A group of researchers are critiquing a recent publication that touts a Google Health AI system, asserting that it demonstrates how concerns over data privacy lead to less transparency of information needed to validate the efficiency of such solutions.
The international group claims that the study, which was published in Nature
, exemplifies the concerns they have about the lack of transparency when publishing work on artificial intelligence algorithms for health applications. They note the restrictive data access procedures, lack of published computer codes, and unreported model parameters make it difficult for other researchers to validate or build upon the work demonstrated by the system, and say that sharing such information in an appropriate manner will still maintain patient privacy.
“For many kinds of data there is well-established precedent for what has been safely shared,” Levi Waldron, associate professor, department of epidemiology and biostatistics, CUNY Graduate School of Public Health and Health Policy, told HCB News. “Data that can't safely be made fully public is best shared through government databases that will independently handle access requests by researchers with a valid research use, such as the Database of Genotypes and Phenotypes (dbGaP) and the Sequence Read Archive (SRA).”
The AI model was released by Google Health back in January and was trained on more than 90,000 mammogram X-rays, according to VentureBeat
. A team of U.S. and British researchers evaluated the solution in a test that included 28,000 mammogram results — 25,000 from the U.K. and 3,000 from the U.S. They found that AI was not only as accurate as the human radiologists
, but that it cut false positives 5.7 percent in U.S. results and 1.2 percent in those read by British physicians.
More than 19 co-authors, including Waldron, affiliated with McGill University, the City University of New York (CUNY), Harvard University, and Stanford University assert this claim is lacking in scientific value due to the publication sharing little about the detailed methods and code in Google’s research. This includes a lack of a description of model development, data processing and training pipelines used, and the definition of several hyperparameters for the model’s architecture (the variables used by the model to make diagnostic predictions). It also did not include which variables were used to augment the data set on which the model was trained, which can “significantly” affect performance, according to the coauthors.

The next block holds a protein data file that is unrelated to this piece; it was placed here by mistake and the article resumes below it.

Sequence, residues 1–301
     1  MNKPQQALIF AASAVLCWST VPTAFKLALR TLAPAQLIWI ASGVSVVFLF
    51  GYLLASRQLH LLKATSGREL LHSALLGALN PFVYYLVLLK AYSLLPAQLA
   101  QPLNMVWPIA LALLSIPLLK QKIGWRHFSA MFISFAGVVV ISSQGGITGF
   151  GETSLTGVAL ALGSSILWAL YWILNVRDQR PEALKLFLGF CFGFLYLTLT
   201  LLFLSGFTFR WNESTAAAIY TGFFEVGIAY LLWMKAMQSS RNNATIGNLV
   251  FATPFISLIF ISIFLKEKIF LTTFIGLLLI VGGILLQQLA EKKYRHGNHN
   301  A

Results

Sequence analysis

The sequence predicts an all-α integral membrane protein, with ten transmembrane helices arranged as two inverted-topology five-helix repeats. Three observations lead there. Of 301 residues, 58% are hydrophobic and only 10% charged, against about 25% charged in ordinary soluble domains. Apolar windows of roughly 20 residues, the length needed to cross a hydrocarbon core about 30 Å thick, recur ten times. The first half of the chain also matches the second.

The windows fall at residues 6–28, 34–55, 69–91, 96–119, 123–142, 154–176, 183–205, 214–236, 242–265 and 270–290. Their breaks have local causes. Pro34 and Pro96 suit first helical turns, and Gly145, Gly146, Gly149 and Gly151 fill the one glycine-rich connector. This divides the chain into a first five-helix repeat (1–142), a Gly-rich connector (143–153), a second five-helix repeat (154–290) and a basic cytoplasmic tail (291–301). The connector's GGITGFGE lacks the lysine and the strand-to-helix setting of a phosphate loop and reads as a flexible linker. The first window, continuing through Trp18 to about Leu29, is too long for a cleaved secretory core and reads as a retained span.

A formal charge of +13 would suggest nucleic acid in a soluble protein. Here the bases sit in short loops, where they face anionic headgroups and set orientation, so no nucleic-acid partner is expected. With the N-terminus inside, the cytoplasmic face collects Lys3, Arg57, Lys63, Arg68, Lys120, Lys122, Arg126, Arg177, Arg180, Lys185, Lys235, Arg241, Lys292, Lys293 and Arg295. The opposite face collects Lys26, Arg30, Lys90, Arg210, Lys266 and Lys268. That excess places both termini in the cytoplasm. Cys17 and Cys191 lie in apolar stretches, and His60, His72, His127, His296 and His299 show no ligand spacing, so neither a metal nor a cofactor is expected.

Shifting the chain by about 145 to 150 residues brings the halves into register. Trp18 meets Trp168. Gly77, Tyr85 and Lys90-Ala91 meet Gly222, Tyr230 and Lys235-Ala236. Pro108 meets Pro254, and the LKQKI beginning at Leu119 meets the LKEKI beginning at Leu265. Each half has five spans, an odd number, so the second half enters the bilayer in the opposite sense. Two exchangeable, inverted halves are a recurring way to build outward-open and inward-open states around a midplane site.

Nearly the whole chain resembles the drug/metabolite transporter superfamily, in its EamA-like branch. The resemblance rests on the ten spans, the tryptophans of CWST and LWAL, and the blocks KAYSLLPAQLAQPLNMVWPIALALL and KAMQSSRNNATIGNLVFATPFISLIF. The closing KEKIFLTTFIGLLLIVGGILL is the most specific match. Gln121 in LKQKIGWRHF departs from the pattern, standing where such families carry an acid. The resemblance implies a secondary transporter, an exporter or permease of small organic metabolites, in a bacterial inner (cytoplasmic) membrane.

They reason that researchers are more focused on publishing their findings than spending time and resources to ensure they can be replicated. They also say that the researchers who develop AI solutions dictate the terms of sharing and write up the informed consent of patients, raising questions about how well informed patients are about the sharing of data.
“The concern stated about privacy attacks against the learned parameters of a deep learning model could not reveal more than what went into the model, which is a mammogram, and whether radiologists identified that image as containing cancer cells,” said Waldron. “It takes a lot of twisting of the imagination to come up with any scenario where that could affect any patient volunteer.”
He and his colleagues add that third-party validation is essential to ensuring AI solutions are assessed in an unbiased manner. This can be done through containerization (bundling an application together with all of its related configuration files); platforms specifically for sharing AI systems; and cloud platforms with authentication, they say.
The critique was published as an opinion piece, also in Nature